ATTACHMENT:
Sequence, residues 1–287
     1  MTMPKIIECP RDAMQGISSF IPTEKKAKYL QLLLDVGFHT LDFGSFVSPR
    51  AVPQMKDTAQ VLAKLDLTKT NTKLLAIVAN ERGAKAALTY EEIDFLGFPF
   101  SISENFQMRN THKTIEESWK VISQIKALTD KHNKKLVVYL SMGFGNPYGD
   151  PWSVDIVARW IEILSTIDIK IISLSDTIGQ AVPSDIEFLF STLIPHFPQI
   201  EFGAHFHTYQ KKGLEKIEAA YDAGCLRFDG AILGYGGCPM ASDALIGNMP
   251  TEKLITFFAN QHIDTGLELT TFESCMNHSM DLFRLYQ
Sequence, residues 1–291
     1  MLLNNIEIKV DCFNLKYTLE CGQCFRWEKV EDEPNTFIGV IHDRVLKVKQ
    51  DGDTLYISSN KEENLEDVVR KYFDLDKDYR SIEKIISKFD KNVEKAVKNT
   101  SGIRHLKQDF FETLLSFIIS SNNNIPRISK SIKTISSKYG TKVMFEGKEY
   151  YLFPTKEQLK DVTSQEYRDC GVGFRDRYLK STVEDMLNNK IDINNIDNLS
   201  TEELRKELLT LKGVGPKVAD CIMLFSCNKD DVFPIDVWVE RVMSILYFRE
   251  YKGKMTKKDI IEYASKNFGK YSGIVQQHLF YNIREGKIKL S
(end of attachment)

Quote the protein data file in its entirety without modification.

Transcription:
Sequence, residues 1–287
     1  MTMPKIIECP RDAMQGISSF IPTEKKAKYL QLLLDVGFHT LDFGSFVSPR
    51  AVPQMKDTAQ VLAKLDLTKT NTKLLAIVAN ERGAKAALTY EEIDFLGFPF
   101  SISENFQMRN THKTIEESWK VISQIKALTD KHNKKLVVYL SMGFGNPYGD
   151  PWSVDIVARW IEILSTIDIK IISLSDTIGQ AVPSDIEFLF STLIPHFPQI
   201  EFGAHFHTYQ KKGLEKIEAA YDAGCLRFDG AILGYGGCPM ASDALIGNMP
   251  TEKLITFFAN QHIDTGLELT TFESCMNHSM DLFRLYQ
Sequence, residues 1–291
     1  MLLNNIEIKV DCFNLKYTLE CGQCFRWEKV EDEPNTFIGV IHDRVLKVKQ
    51  DGDTLYISSN KEENLEDVVR KYFDLDKDYR SIEKIISKFD KNVEKAVKNT
   101  SGIRHLKQDF FETLLSFIIS SNNNIPRISK SIKTISSKYG TKVMFEGKEY
   151  YLFPTKEQLK DVTSQEYRDC GVGFRDRYLK STVEDMLNNK IDINNIDNLS
   201  TEELRKELLT LKGVGPKVAD CIMLFSCNKD DVFPIDVWVE RVMSILYFRE
   251  YKGKMTKKDI IEYASKNFGK YSGIVQQHLF YNIREGKIKL S